Prelate's Sermon


The Prelate’s Sermon, November 6

Today on the ninth Sunday of the Feast of the Holy Cross, our Scriptural reading is from the Gospel of St. Luke 8:49-56. One day, as our Lord Jesus Christ is teaching, a leader of the local synagogue, whose name is Jairus, beseeches Him to come to his house, and to heal his only daughter. On His way to the home of Jairus, our Lord’s journey is interrupted as He heals a woman who has been suffering from a blood disorder for twelve, painful years. Just then, the sad news arrives from Jairus’ house that the daughter has passed away. Our Lord comforts the inconsolable father by saying, “Do not fear. Only believe, and she will be saved.” Arriving at Jairus’ home, Jesus consoles those who were weeping and wailing, telling them that “the girl is not dead, but sleeping”, and entering the girl’s room with His three disciples and the parents, Jesus takes hold of the hand of the girl and says, “Talitha, cumi!” which means, “Young girl, rise to me!” The evangelist narrates how the girl’s spirit returned to her, and that she arose at once.  Jesus then directs the parents to give her something to eat and instructs them to tell no one what has happened.

This passage, as much as it is fascinating, is full of details which enrich our faith, and brings us closer to our Lord Jesus Christ. Hence, I would like to share the following thoughts.

  1. The delay of our Lord Jesus Christ in healing the daughter of Jairus, intentionally or not, just as it happened in the case of Lazarus (John 11), was beneficial. Jesus, by continuing His preaching, wished to teach us that the living Word of God is the priority. Illnesses, even death, are related to our physical existence, while the impact of the Word of God transcends all worldly conditions. By delaying His visit, Jesus wished also that His followers and the crowd may witness a miracle beyond their expectation. Thus, the providential care became more evident.
  2. When Jesus said, “Do not be afraid, the girl will live,” it was a positive echo of His great statement: “I am the Resurrection and the Life” (Jn 11:25). Jesus, as the Loving and Caring Son of God, as well as a true Teacher, Healer and our Brother by human nature, brings us the greatest message that as the Source of Life, He is always ready to grant us the fullness of life, here and after.Often, when we face the death of a beloved one, we may doubt the validity of this statement, especially when death knocks at the door of our young ones. We do pray and ask for Divine intervention, and when our expectation does not receive an immediate reply, our faith starts to shake.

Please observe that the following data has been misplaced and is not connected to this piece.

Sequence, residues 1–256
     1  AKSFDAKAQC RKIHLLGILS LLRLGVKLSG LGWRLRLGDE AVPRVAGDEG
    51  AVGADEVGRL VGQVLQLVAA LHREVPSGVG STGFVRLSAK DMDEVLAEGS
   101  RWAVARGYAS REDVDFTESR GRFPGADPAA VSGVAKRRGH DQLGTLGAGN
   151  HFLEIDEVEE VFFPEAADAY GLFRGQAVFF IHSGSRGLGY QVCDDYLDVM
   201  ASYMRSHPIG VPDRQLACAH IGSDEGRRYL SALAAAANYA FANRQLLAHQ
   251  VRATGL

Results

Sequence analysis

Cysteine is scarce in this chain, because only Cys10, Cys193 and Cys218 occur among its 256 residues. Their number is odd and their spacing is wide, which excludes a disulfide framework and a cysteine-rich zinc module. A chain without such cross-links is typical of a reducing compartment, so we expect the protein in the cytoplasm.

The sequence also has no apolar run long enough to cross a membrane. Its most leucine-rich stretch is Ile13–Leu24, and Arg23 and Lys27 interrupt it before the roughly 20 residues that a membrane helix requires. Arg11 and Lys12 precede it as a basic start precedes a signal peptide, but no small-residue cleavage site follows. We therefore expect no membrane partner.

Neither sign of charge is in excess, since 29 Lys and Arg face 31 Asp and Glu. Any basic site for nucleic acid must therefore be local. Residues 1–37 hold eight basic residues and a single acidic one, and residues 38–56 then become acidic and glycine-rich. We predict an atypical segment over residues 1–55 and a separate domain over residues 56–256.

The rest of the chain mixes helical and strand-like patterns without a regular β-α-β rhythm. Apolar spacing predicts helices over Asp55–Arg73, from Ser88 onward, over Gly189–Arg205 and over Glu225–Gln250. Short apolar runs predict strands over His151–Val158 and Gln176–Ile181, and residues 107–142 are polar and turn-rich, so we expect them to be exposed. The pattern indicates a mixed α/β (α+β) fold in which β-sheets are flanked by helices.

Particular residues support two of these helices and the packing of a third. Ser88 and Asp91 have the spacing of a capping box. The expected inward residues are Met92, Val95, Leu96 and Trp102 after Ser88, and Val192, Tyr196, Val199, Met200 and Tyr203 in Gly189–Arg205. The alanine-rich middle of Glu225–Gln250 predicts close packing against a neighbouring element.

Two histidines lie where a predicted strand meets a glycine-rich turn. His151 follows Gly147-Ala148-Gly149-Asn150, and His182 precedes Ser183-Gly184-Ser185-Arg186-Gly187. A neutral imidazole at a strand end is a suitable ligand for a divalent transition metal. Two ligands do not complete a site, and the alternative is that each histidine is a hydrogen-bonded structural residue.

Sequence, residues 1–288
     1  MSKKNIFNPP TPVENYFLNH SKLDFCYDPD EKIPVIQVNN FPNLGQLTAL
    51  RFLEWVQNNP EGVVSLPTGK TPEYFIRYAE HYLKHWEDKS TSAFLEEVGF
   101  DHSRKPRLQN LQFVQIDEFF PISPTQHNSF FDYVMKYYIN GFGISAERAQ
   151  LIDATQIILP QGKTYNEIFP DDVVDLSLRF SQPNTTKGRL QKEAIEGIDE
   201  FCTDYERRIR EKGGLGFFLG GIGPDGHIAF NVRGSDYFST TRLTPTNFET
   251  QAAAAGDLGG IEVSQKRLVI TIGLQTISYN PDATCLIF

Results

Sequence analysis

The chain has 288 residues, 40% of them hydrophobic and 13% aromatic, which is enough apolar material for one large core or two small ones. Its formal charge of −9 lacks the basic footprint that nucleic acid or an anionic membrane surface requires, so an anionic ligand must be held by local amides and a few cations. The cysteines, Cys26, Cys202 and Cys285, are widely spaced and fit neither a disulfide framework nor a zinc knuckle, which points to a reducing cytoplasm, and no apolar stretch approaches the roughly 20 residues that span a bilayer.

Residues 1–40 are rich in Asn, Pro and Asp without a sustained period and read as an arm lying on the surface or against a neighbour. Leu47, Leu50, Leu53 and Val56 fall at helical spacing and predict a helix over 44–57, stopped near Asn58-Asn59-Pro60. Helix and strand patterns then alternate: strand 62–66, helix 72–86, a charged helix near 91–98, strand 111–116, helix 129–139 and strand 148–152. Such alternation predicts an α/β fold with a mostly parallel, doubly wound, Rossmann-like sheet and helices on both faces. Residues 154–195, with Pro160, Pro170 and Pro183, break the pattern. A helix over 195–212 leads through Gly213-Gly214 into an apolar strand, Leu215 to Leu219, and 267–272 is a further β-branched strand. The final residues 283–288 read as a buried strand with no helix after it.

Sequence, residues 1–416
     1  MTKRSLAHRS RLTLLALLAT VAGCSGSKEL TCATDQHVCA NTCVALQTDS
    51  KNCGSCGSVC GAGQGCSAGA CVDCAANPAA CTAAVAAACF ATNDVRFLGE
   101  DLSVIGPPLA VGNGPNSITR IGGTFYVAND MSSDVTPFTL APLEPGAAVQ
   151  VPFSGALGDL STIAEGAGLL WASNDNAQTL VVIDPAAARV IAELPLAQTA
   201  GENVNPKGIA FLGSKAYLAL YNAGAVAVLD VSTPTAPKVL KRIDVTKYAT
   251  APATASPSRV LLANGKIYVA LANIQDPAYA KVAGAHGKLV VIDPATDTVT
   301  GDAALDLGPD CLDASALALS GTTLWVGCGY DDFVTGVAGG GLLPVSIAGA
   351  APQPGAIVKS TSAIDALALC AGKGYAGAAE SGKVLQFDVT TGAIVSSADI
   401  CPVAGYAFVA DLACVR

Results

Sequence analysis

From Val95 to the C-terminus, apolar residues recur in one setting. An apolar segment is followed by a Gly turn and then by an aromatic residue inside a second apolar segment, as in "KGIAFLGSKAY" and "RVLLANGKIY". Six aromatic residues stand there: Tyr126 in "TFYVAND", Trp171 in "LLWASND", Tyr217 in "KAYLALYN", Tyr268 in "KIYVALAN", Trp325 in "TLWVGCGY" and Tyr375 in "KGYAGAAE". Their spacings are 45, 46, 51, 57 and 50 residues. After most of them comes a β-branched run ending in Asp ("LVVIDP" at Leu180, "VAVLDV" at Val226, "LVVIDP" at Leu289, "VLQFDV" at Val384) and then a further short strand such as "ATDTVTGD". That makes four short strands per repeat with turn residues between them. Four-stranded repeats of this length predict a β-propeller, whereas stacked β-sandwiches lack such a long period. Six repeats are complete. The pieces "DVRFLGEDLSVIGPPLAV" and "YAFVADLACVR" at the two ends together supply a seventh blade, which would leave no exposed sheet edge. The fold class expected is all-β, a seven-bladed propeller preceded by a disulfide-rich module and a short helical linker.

If we try to understand the promise of our Lord within worldly and time limits, indeed we are pitiful and have not perceived the depth of the Divine Gift. The martyrdom of the saints is the most tenable proof that while they faced death, they were not afraid of death, but embraced it, for they were sure that they would enjoy the blessings of an unperishable life.  This is indeed a fabulous truth.

  3. Along with granting life to the daughter, Jesus directed the parents to give her something to eat. This is yet another example that God takes care of us more than we think. No one witnessing that incredible miracle of the restoration of life would stop to think about feeding the girl. God’s care is indeed beyond our comprehension. If in the Dominical prayer where the sanctity, the kingdom, and the will of God are the supreme requests to be beseeched, and thereafter Jesus teaches us to ask our daily bread, this is a monumental sign of how God cares for our intellectual, and spiritual, as well as of physical welfare.
  4. The instruction given to the parents to tell no one what had happened, which repeatedly Jesus gives following other miracles, is quite perplexing to our understanding. No doubt that after witnessing such an incredible miracle, the parents would wish to spread the good news as the Master Himself had taught, “a city set on a hill cannot be hid, neither do men light a lamp, and put it under the bushel” (Mt 5:14-16). Nevertheless, our Lord had also emphasized not to anchor our faith on miracles, but instead to ascribe all Good Works directly to God (see Jn 6:26), otherwise our faith can resemble like the seeds fallen on rocks or in thorns, which didn’t bear grain (Mk 4:14-20)

Having been instructed with this great teaching of life and death, and knowing the supreme care of our heavenly Father, let us thank and praise Him, with His Only-begotten Son and life-giving Holy Spirit. Amen.